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Graph DBMSs are gaining in popularity faster than any other database category
First, let's be clear about one thing: relational DBMSs are still much more popular than any other type of DBMS, such as Document stores, Key-value stores or Graph DBMS. No other category even comes close. 8 out of the top 10 systems in the DB-Engines Ranking are RDBMSs, and MongoDB, the most popular alternative system, has only less than one eighth of Oracle's popularity score.
But things are changing, and we have made a chart that shows how fast they are changing and in which direction.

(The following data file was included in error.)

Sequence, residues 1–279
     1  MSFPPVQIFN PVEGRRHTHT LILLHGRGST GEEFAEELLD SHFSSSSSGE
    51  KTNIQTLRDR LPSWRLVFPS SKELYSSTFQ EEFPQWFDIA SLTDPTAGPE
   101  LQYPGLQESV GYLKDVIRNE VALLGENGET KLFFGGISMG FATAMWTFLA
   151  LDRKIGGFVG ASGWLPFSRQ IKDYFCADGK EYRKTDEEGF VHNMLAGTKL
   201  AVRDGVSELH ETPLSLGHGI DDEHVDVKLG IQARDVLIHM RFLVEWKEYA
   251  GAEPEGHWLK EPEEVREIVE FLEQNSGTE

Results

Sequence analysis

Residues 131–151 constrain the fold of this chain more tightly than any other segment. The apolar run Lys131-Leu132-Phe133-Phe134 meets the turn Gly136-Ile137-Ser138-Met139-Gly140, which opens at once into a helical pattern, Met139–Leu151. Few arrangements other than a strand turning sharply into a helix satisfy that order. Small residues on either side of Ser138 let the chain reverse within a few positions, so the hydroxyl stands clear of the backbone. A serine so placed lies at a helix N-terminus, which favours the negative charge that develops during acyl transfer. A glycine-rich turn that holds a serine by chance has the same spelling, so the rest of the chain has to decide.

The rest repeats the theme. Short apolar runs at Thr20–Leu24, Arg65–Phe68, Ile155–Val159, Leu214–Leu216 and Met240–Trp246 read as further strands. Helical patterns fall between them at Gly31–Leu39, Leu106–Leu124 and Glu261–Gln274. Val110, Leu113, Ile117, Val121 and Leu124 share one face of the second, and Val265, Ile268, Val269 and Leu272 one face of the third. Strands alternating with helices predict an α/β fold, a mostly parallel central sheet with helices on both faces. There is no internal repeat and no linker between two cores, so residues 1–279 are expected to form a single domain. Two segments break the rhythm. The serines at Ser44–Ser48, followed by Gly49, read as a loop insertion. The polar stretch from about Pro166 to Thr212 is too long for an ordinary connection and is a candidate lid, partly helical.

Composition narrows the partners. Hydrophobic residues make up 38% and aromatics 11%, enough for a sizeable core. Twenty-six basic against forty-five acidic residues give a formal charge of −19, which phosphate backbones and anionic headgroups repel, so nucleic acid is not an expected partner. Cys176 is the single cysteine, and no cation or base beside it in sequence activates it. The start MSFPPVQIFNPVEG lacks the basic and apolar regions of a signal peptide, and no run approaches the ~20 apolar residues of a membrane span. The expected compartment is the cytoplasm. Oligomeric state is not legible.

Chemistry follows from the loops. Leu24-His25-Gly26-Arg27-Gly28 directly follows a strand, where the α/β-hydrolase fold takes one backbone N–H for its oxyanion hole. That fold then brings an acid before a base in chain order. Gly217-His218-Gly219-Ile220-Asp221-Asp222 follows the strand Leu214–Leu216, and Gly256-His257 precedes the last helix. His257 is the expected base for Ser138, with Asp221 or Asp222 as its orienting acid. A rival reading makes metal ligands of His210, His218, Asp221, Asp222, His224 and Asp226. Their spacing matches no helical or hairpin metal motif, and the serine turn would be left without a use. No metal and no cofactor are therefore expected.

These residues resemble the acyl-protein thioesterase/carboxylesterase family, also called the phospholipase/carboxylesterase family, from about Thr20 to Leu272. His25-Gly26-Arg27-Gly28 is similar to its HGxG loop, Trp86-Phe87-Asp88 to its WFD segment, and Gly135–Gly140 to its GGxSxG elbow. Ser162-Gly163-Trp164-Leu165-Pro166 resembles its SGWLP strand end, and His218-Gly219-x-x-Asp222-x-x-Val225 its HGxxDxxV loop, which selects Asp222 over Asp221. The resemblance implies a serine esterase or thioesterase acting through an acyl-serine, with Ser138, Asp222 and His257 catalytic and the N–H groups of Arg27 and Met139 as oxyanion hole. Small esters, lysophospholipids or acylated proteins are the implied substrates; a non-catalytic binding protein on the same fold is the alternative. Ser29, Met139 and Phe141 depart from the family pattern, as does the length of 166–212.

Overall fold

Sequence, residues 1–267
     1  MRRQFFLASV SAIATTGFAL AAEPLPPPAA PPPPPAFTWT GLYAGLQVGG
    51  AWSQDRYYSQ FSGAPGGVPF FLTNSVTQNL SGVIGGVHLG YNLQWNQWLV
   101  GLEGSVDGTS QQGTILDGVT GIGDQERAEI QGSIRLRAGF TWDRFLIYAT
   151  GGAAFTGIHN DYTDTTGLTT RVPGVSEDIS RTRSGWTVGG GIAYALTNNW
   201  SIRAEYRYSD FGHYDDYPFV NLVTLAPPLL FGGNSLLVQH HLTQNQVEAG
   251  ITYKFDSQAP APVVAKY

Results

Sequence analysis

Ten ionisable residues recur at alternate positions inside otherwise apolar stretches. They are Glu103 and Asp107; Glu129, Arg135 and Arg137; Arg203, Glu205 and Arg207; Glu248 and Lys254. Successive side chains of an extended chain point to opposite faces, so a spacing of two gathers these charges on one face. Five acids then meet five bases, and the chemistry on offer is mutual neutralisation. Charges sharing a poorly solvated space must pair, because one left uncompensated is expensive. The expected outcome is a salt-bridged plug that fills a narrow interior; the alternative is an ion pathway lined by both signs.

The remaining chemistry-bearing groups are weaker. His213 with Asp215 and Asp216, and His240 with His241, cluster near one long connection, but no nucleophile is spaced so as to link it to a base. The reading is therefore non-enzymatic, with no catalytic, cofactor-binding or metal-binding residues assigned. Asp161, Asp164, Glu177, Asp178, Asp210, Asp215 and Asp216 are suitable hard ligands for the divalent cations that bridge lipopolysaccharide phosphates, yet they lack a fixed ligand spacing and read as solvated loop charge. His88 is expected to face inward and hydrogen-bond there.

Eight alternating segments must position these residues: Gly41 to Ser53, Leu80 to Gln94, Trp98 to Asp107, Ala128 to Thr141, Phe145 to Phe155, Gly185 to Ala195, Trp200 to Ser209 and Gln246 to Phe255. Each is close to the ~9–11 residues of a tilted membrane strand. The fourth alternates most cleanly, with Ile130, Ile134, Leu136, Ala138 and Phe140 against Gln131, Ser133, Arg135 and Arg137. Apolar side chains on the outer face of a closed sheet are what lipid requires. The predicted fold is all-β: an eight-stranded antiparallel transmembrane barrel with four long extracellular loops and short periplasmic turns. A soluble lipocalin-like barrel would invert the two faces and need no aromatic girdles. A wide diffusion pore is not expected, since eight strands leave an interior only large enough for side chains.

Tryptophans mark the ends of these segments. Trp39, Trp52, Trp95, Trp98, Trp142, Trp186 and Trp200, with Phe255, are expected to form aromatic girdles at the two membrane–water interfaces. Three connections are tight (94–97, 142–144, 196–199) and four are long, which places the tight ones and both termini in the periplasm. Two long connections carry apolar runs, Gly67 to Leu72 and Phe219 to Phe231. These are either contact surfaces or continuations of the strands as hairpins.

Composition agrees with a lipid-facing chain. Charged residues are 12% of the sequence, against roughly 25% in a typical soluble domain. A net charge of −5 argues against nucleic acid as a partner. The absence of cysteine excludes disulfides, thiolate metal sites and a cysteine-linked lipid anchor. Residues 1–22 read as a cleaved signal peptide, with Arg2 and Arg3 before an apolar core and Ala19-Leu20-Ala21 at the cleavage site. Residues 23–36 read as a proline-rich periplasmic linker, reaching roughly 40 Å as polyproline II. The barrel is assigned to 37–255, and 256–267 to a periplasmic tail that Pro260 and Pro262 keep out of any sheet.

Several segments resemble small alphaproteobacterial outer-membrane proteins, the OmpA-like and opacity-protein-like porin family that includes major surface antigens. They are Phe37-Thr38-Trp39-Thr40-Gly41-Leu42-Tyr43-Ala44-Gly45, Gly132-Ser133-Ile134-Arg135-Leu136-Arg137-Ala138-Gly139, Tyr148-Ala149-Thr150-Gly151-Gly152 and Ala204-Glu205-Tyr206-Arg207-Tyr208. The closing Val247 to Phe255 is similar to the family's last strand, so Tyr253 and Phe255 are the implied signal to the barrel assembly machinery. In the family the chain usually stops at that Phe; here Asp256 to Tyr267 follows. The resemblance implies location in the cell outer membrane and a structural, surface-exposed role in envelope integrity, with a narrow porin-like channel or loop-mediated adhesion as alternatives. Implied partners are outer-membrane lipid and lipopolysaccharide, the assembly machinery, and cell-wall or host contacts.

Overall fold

For this chart, we took the three most popular systems for each category, and tracked their popularity changes throughout the year, starting with 100 in January 2013. RDBMSs are quite stable, but all other categories gained in popularity. Graph DBMSs and Wide column stores more than doubled their popularity.
It is somewhat surprising, that Graph DBMSs outperform other categories, which comprise the blogosphere's "NoSQL stars" such as MongoDB, Cassandra and Redis. Yet the ability of Graph DBMSs to represent and process a variety of different objects and complex connections between them is a very natural way of modeling many systems. Furthermore, Graph DBMS systems have matured enough to convincingly deal with these applications, even in real-world Big Data scenarios.
The database territory is quite huge and there seems to be a growing demand for all of the DBMS categories. Nevertheless it's interesting to note that Graph DBMS are grabbing an ever-larger slice of developer's attention. If you haven't used them yet, perhaps it's time to have a closer look.